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After Edmonton success, province opening navigation and support centre in Calgary

Click to play video: 'Navigation centre to help people in need find support opening in Calgary'
Navigation centre to help people in need find support opening in Calgary
WATCH: The City of Calgary and the Alberta government are partnering with social service agencies to provide critical support to those in need. As Craig Momney reports, it’s meant to be a one service stop to help Calgary’s most vulnerable navigate the system – Jun 5, 2024

The Alberta government will be building a new navigation and support centre in Calgary, which it says is designed to alleviate pressures felt by front-line workers and emergency services.

The navigation and support centre will offer services such as income support, shelter and housing options, Indigenous resources, and help obtaining a valid Alberta ID.

The centre will also offer one-stop-shop access to health, mental health and addiction treatment, according to a news release on Wednesday.

Transportation will be provided to and from the centre, the province added, including a ride to the next location or referral. Alberta Health Services and the Calgary Urban Project Society will be on-site to provide these services.

“We will bring together our nonprofit partners, the Ministry of Social Services, as well as our sister ministries like mental health and addictions, and make sure we can get all of those supports … (And make sure) people so can access those supports, and then they can go on to lead successful and happy lives,” Social Services Minister Jason Nixon told reporters on Wednesday.

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The centre is an expansion of a similar program in Edmonton and aims to provide vulnerable and homeless Calgarians with wraparound resources, the province said.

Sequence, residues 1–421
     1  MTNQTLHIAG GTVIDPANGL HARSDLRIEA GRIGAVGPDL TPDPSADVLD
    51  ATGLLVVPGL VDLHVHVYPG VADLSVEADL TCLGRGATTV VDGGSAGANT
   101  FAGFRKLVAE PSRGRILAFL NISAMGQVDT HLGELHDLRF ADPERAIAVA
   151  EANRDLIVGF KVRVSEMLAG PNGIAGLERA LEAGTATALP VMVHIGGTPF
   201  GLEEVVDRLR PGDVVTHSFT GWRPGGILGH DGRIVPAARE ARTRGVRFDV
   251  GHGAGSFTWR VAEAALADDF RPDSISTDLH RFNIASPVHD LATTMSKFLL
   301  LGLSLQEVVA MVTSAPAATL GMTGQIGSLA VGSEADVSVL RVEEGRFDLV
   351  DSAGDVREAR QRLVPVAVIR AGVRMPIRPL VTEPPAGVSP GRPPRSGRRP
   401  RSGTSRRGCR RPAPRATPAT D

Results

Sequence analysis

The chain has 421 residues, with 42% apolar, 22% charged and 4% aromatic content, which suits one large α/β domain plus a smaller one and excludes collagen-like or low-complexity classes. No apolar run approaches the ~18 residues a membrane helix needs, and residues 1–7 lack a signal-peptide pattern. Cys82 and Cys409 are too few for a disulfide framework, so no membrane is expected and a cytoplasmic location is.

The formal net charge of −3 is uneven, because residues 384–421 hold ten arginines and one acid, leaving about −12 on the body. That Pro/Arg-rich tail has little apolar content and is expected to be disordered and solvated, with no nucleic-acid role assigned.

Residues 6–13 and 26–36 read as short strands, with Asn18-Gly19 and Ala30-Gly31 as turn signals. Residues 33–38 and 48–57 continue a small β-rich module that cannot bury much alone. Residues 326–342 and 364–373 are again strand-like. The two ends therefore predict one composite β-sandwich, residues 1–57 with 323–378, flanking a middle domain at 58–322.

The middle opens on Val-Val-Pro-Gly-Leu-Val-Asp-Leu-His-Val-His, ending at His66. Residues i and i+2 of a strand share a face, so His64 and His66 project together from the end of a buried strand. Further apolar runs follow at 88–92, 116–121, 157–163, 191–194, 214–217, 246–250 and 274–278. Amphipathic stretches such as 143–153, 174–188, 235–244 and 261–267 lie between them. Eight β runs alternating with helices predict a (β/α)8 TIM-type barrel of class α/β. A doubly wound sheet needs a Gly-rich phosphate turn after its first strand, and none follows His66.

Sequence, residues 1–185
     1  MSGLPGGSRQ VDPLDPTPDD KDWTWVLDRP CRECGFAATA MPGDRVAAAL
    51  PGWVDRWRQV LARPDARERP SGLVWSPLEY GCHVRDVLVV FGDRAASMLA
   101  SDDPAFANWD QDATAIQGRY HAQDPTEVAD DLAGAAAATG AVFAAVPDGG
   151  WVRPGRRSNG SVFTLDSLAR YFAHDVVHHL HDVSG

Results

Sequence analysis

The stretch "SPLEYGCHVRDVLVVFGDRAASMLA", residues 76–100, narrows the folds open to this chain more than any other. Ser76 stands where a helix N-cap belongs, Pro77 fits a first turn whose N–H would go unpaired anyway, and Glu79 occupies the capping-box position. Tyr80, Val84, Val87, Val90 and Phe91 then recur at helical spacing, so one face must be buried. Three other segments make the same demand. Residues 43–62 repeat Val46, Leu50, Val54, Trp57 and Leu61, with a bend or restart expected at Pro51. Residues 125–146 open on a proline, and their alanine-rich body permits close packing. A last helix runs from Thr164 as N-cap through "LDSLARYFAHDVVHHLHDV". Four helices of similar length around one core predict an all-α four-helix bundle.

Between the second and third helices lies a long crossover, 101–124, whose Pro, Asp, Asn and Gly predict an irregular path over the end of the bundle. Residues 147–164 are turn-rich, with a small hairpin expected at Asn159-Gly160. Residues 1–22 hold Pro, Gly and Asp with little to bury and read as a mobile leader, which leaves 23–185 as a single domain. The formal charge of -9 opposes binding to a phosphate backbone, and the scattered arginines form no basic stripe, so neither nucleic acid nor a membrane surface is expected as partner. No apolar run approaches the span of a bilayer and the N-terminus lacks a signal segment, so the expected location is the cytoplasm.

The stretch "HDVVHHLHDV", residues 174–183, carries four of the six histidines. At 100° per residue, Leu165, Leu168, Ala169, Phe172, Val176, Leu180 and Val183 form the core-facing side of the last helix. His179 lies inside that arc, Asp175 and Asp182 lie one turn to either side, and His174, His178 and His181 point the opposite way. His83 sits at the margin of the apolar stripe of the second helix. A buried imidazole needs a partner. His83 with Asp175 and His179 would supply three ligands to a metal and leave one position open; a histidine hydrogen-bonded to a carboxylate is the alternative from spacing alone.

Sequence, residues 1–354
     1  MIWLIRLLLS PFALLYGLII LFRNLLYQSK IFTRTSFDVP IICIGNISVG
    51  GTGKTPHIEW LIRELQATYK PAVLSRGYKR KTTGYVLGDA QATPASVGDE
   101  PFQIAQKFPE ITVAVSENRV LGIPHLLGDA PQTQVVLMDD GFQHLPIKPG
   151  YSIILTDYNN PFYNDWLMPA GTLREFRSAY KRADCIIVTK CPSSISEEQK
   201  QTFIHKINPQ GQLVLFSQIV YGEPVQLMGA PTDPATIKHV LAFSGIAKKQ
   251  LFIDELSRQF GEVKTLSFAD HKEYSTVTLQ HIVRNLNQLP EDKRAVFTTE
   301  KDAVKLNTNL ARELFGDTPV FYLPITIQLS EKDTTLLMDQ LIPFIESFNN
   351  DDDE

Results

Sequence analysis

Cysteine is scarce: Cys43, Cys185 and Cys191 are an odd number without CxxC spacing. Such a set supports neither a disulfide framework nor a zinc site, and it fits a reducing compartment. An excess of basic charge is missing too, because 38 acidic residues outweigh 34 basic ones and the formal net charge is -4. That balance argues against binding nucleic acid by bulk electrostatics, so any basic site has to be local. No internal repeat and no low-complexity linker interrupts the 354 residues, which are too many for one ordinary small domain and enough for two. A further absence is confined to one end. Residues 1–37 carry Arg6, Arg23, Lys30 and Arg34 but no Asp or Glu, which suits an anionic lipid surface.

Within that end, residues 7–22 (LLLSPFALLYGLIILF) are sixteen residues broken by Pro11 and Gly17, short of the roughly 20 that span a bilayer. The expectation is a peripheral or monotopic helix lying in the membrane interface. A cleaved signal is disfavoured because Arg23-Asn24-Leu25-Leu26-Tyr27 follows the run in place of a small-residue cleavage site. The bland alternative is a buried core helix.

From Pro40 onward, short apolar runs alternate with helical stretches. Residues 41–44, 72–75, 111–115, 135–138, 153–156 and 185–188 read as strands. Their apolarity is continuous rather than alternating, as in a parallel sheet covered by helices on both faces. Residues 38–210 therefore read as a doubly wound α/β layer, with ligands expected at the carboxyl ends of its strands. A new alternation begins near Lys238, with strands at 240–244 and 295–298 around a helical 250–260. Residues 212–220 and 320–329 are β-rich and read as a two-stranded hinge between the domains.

Nixon said Edmonton’s navigation and support centre was opened in response to the large number of encampments, particularly around the downtown core and to the north of it, where most of Edmonton’s social service agencies and homeless shelters are located.

Click to play video: 'Edmonton navigation centre helping the homeless to become a permanent operation'
Edmonton navigation centre helping the homeless to become a permanent operation

Edmonton’s navigation and support centre has been used by over 1,850 people and has made around 5,625 referrals since January of this year, according to Wednesday’s news release.

The province also said the centre has helped with around 1,000 referrals to housing programs and connections to shelter services.

While Calgary has been working to manage encampments “in a compassionate way,” Nixon said, social disorder has been a challenge at CTrain stations and other public spaces.

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A report from Vibrant Communities Calgary found that calls to police related to social disorder at LRT stations have sharply increased in 2021 and 2022. In 2023, calls for service were back to pre-pandemic levels.

Social disorder is defined in the report as conversations from transit peace officers or Calgary Police Service officers related to littering, loitering, fare evasion and urinating or defecating in transit stations. However, they are not usually criminal in nature.